Autobiographical

My full-length book, Where We Think It Should Go, can be yours via Octopus Books, Small Press Distribution, or Amazon. We better celebrate these hard copies while we can. When I'm not writing poetry, I teach amazing young people who are blind. I believe in a healthier future.

Saturday, June 2, 2007

It is the human that is the alien

It is the human that is the alien,
The human that has no cousin in the moon.

It is the human that demands his speech
From beasts or from the incommunicable mass.

-from Wallace Stevens, "Less and Less Human, O Savage Spirit"


This reminds me of Josh telling me that in The Pervert's Guide to Cinema Slavoj Zizek says language is alien to us. We shove it in our youngsters' ears, otherwise it wouldn't be in their throats. And if you know people who are naturally nonverbal, you get to see that language is not the only way to be human. Which is kind of insane after you spend years writing and reading poetry. One of my nonverbal students leaned over and puked on the floor next to his desk and then he said "Health Services," two words I have never heard him say. He prefers not to talk. Language is purely functional for him. He can express his needs. He can "play" with one meaningless phrase, like the name of a radio station, repeating it for months without making any syntactical substitutions or changing intonation. Through him I've learned there is thinking without thought. There's spatial thinking, desire thinking, movement planning...My thinking of how to relate to one who doesn't have language is observational, experimental, repetitive, at its best I guess it's wordless. Stevens poem hopes that god is nonverbal and that he cannot hear us. Our speech makes us alien. It's great to be alien sometimes. Sometimes we can be our animal selves silent with the natural world. But once we're infected with speech, we can't get rid of it. We could try to take it from our children. I don't think we should.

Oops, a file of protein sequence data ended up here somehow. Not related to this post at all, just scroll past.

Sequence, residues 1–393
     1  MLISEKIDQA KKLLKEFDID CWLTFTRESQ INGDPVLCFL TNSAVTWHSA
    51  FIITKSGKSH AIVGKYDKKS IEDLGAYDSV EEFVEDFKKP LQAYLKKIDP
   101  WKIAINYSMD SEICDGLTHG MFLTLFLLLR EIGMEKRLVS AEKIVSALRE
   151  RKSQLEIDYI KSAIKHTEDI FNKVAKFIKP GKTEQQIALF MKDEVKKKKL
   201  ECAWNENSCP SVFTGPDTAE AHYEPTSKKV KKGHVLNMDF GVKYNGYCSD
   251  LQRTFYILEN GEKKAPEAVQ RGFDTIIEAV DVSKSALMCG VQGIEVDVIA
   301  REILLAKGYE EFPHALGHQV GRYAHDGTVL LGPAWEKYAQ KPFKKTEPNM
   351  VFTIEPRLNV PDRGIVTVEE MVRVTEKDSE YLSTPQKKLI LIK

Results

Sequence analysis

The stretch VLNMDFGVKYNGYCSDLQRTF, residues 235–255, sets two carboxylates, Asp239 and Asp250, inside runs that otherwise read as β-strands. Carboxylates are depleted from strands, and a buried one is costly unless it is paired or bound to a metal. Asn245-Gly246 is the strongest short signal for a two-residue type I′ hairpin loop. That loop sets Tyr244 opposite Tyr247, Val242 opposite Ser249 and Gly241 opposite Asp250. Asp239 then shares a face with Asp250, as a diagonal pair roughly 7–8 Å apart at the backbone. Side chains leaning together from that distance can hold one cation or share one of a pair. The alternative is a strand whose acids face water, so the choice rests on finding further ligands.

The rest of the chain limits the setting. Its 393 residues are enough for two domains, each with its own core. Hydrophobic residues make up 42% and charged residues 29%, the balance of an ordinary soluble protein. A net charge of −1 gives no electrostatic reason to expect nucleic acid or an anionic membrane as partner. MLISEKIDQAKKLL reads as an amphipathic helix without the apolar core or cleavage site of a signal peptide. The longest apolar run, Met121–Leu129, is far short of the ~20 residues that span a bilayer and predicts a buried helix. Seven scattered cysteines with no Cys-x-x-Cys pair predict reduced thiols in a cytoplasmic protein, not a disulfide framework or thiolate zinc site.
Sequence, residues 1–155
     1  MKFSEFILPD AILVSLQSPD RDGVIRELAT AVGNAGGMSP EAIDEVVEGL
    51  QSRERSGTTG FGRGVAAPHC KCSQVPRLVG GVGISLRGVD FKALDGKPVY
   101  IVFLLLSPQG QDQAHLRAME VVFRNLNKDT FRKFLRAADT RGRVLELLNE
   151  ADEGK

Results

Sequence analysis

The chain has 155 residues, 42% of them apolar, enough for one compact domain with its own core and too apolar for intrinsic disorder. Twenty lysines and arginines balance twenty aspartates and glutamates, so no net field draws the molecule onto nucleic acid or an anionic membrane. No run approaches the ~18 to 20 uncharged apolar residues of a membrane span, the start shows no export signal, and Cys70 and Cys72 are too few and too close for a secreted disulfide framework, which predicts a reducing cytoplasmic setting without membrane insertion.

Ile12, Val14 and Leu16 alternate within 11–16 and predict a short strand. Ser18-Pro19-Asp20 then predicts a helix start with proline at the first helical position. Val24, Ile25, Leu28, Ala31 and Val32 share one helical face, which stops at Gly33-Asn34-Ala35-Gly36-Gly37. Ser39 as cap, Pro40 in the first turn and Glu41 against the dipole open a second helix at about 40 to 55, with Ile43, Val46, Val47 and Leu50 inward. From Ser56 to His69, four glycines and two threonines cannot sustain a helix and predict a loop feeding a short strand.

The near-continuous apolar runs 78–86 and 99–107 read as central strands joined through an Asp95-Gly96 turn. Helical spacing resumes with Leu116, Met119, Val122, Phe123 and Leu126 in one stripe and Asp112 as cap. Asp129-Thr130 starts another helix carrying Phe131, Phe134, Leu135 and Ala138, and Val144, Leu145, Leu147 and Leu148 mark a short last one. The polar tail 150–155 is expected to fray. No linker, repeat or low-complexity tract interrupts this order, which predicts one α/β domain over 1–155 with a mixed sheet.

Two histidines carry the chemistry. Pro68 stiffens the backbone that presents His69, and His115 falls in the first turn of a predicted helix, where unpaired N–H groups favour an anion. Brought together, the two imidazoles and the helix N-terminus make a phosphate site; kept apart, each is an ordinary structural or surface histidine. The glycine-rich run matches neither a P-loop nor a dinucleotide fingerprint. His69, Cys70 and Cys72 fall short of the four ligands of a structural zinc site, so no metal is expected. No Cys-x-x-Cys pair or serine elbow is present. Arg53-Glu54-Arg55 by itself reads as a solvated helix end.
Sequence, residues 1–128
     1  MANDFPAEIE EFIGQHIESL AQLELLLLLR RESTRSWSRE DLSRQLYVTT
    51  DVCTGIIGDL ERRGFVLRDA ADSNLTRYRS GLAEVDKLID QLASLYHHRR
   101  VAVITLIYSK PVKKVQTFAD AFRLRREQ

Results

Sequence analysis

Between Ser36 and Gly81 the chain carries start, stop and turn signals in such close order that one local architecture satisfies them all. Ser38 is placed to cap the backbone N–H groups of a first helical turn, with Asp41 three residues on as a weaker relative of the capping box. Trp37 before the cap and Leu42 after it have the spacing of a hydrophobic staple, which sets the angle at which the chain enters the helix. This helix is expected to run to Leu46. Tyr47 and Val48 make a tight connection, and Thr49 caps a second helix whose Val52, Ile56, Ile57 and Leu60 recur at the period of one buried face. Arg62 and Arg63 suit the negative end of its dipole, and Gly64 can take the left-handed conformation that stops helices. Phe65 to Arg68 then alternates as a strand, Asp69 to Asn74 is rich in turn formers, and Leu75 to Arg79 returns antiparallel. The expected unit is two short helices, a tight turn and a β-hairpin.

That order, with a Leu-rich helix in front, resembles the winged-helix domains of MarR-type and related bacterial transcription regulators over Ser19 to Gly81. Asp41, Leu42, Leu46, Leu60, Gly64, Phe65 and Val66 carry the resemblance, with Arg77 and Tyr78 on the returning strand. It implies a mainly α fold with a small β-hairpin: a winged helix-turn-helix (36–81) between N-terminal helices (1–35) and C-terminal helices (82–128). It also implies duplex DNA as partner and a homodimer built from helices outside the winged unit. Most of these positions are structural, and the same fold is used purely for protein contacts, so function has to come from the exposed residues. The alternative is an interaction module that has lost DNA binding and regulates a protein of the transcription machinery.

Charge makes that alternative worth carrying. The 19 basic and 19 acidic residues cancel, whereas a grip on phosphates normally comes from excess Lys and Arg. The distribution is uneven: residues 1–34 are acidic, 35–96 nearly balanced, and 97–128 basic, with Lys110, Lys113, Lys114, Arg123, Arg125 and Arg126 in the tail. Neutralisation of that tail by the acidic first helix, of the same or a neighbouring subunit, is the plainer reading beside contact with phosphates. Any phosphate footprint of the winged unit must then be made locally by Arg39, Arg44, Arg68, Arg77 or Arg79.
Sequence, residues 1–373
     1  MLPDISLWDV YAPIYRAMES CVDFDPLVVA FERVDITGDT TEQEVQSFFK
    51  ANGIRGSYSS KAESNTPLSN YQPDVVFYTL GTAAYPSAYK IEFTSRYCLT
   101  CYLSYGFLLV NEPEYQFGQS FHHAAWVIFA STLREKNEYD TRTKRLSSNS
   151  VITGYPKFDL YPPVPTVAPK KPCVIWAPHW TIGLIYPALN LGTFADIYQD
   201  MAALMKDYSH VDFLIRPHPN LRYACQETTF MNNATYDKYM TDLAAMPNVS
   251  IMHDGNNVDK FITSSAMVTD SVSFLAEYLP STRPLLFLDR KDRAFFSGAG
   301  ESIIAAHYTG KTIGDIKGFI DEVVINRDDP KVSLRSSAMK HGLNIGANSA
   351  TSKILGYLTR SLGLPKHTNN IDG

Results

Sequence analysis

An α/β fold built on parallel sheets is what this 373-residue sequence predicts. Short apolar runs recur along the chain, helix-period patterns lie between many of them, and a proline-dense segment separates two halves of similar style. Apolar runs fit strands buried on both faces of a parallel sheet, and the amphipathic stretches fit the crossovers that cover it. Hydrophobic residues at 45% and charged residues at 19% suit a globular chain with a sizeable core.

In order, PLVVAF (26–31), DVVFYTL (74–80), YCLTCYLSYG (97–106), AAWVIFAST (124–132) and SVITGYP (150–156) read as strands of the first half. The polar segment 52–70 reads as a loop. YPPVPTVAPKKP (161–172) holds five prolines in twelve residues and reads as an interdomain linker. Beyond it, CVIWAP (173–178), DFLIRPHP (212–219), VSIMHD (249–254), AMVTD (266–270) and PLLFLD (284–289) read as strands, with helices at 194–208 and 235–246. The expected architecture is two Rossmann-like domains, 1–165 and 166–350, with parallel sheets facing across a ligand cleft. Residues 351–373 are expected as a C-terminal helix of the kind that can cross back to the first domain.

Less and Less Human, O Savage Spirit


If there must be a god in the house, must be,
Saying things in the rooms and on the stair,

Let him move as the sunlight moves on the floor,
Or moonlight, silently, as Plato’s ghost

Or Aristotle’s skeleton. Let him hang out
His stars on the wall. He must dwell quietly.

He must be incapable of speaking, closed,
as those are: as light, for all its motion, is,

As color, even the closest to us, is;
As shapes, though they portend us, are.

It is the human that is the alien,
The human that has no cousin in the moon.

It is the human that demands his speech
From beasts or from the incommunicable mass.

If there must be a god in the house, let him be one
That will not hear us when we speak: a coolness,

A vermilioned nothingness, any stick of the mass
Of which we are too distantly a part.

3 comments:

Andrea said...

This is interesting, Claire. I like the idea of "God" being non-verbal.

Let us go to Mexico together.

Claire said...

hey andrea, yes. come to mexico!

Bob said...

hello, Claire...

great poem! do you think you could record it for my audio poetry show, i-outlaw (http://i-outlaw.blogspot.com/)?

let me know! bmarcacci AT gmail.com

bob marcacci